MOOC vs LMS — the opportunities for workplace learning

MOOCs (Massive Online Open Courses) first emerged in 2008 but became widely known when Stanford University released their first open enrolment course in 2012. Since then, MOOCs have become hugely popular and are offered by leading universities from Harvard to Oxford.

But as MOOCs take the education world by storm, one question remains — can they be used in a corporate training environment?

MOOCs vs LMSs: the key differences

Below is an overview of differences between MOOCs and online courses.

What are the opportunities for workplace learning?

Incorporating MOOCs within businesses will challenge the way human resources and corporate learning departments historically work, but many see the positive opportunities. In a survey from Future Workplace, completed by 195 HR and corporate learning professionals, 70% agreed they could see the possibilities of integrating MOOCs into their own training programs.

Many MOOC features are indeed well suited to the corporate world:

  1. Flipped classroom: The concept of doing the training at home and applying the knowledge in the classroom can be easily adapted for businesses. It allows learners to have a wider role and be more engaged.
  2. Analytics: MOOCs provide real-time analytics that not only reveals learners’ progress but what formats work best for them.
  3. Credentials: Many MOOCs offer college credit or certificates which “formalise” the learning. In the workplace, where employees are demanding more opportunities for CPD, certificates can become an incentive for them to complete training as they’ll be able to keep evidence of their work.
  4. Social learning: Sharing, networking, blogging — all are a key part of MOOCs. Some LMSs such as Totara have already recognised the importance of social learning by introducing it to their platform.
  5. Blended approach: MOOCs can be used to complete in-house training. Employees can take a MOOC for general training and carry out their more in-depth training on the company’s LMS. Ultimately, this reduce the cost of training and budgets can be reallocated.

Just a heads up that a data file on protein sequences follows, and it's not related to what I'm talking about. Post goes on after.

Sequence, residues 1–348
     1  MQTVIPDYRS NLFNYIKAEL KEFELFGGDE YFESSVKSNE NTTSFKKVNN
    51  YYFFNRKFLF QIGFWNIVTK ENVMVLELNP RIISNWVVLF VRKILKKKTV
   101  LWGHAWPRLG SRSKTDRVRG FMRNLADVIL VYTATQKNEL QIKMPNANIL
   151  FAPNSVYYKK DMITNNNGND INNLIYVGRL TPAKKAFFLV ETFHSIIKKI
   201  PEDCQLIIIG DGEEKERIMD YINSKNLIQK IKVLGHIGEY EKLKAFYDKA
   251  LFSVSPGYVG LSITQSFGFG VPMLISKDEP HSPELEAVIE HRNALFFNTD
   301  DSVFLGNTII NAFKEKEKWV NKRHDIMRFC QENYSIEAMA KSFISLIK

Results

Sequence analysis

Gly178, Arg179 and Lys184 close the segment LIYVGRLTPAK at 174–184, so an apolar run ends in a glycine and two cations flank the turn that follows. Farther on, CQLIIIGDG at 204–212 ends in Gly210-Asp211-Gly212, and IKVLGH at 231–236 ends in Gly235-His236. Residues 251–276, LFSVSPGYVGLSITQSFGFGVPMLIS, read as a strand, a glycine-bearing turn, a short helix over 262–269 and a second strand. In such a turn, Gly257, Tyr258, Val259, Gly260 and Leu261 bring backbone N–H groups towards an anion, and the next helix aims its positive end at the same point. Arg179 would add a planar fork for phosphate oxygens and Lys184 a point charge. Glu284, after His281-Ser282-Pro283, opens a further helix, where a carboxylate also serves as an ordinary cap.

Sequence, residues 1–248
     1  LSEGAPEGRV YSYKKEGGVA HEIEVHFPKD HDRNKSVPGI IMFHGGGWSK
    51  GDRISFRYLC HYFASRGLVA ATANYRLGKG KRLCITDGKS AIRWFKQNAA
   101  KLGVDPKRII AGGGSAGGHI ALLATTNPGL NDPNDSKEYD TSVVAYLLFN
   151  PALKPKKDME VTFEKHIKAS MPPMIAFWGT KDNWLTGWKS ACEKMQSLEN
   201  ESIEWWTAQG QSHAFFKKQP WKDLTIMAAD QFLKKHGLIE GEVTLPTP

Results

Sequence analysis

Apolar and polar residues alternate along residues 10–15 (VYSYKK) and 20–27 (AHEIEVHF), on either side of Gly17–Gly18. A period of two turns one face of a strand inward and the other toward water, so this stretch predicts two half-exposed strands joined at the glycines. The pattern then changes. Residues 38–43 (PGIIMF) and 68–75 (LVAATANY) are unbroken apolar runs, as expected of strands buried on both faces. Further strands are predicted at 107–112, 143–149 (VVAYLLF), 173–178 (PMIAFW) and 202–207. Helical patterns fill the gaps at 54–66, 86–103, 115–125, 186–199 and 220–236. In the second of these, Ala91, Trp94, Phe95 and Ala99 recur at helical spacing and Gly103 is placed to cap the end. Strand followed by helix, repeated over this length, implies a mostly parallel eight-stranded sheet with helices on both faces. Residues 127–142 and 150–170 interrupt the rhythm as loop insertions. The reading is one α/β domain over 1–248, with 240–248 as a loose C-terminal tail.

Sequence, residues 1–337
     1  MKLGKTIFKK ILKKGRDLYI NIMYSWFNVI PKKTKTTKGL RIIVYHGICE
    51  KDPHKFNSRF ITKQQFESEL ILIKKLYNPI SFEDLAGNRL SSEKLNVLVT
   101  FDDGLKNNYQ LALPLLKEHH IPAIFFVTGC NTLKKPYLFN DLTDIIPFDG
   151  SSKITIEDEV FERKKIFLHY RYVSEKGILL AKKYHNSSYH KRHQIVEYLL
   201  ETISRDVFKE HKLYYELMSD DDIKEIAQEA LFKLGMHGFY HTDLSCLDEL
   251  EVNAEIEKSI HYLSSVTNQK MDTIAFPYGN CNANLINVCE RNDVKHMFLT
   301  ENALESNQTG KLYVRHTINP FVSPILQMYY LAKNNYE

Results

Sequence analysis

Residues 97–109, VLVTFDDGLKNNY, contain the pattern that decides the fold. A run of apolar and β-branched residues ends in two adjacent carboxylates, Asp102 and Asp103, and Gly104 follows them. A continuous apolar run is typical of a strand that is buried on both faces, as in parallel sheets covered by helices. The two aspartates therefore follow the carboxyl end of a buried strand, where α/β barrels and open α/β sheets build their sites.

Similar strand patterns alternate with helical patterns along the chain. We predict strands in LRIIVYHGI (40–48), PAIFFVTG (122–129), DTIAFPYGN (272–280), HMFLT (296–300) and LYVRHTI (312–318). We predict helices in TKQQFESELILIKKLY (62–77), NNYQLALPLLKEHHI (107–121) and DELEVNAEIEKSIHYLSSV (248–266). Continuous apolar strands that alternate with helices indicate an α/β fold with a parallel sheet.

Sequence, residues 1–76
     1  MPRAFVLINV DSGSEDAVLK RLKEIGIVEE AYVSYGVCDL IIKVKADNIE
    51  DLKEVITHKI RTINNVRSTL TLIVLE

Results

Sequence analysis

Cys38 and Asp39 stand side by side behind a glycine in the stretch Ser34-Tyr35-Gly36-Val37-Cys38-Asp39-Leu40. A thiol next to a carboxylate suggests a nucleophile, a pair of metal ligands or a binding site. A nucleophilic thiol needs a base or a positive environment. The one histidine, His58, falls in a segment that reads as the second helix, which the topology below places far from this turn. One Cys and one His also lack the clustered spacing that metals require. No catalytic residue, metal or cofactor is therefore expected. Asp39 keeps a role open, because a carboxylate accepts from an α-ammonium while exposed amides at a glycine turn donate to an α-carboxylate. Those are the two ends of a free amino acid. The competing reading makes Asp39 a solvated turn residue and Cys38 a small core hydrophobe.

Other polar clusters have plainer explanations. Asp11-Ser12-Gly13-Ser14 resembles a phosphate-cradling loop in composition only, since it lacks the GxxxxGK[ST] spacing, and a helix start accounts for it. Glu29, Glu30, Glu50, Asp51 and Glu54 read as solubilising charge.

Of course, the opportunities go much further because they are not limited to HR departments anymore. By integrating MOOCs with their standard LMS, organisations can add value by using the platform as a marketing and sales tool which carries their brand and engages all their stakeholders, from personnel to partners, users and customers.

Success stories

Webanywhere successfully integrated a MOOC within a traditional LMS for one of their customers, a US fortune 500 healthcare company.

The company wanted to consolidate their two global educational sites. Working closely with them, we developed a MOOC platform.

The new system provides personalised, relevant, and interactive education where healthcare professionals can learn more about the organisation’s products and therapies. The platform offers a wide range of courses, PowerPoints, procedural videos, and webcasts.

The platform is a powerful ecosystem of learning technology solutions which offers users a powerful MOOC experience that standard LMSs do not usually provide. It is used by internal and external stakeholders and actively promotes their brand globally.

This is a true success story of how a large organisation has integrated the MOOC concept within a more traditional LMS approach.

Finally

The learning management market continues to evolve. There are more than 500 LMS providers worldwide and open-source platforms such as Moodle and Totara, which offer more flexibility and customisation than other “off-the-shelf” systems, have already improved users’ experience. With the explosion of MOOCs, social learning and micro-learning, corporate training must catch-up with the education sector and embrace the new trends.

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